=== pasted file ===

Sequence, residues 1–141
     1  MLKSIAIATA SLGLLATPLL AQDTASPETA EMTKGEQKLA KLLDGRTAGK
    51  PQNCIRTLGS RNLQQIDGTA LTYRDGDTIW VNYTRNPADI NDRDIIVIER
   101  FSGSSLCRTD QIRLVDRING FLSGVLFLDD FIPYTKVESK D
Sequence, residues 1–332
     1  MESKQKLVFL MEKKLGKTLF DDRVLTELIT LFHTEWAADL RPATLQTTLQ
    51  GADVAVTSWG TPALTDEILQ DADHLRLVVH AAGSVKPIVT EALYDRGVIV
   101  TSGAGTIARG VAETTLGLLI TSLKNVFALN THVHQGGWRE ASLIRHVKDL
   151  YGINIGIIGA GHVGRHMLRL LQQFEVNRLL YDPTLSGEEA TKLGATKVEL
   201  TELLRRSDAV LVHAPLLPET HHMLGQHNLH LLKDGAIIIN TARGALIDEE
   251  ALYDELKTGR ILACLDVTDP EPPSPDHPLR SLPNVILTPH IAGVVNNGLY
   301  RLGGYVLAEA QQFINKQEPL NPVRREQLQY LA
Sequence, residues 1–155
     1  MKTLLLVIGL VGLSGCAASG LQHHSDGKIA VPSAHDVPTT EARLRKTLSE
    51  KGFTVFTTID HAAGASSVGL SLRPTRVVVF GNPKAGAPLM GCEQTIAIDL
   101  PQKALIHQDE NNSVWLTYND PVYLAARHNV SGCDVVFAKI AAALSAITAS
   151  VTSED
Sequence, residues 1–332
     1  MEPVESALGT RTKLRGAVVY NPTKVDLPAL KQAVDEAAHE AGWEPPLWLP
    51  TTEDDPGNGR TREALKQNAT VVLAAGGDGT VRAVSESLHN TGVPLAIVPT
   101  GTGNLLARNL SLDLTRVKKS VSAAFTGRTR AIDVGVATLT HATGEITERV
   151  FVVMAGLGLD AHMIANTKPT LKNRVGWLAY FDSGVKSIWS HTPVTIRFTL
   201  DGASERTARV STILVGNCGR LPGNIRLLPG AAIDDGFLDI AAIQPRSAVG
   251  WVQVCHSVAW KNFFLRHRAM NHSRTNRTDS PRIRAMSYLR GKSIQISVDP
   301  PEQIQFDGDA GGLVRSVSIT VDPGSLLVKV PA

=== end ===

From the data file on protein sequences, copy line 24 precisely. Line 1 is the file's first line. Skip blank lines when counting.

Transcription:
   251  WVQVCHSVAW KNFFLRHRAM NHSRTNRTDS PRIRAMSYLR GKSIQISVDP